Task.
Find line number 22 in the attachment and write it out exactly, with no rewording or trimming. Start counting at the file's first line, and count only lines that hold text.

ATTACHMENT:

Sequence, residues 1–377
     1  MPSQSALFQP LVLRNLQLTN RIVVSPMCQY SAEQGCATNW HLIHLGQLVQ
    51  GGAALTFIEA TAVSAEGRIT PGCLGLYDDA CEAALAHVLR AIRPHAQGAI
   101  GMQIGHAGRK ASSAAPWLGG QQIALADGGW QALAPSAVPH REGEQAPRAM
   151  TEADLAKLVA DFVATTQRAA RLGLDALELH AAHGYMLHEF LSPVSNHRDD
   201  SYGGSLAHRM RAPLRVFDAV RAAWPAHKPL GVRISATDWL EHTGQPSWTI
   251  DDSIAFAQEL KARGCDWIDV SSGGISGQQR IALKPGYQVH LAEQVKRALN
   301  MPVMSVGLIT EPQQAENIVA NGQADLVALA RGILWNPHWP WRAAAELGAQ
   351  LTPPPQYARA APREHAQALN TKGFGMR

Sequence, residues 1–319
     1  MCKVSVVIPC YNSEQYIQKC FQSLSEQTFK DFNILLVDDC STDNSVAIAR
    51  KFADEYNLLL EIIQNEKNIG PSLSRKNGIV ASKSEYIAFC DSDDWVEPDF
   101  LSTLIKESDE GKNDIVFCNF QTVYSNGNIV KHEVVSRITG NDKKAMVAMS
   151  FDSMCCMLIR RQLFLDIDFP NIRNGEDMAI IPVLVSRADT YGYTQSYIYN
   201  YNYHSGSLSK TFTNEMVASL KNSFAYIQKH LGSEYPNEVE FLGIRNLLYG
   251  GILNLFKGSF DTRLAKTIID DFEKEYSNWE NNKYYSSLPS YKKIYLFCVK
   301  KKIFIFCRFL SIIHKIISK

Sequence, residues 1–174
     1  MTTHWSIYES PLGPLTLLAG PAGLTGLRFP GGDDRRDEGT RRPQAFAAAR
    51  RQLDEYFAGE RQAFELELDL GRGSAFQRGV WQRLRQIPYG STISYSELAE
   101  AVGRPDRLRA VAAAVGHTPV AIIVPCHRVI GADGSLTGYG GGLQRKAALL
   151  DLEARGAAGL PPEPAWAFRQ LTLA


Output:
   151  DLEARGAAGL PPEPAWAFRQ LTLA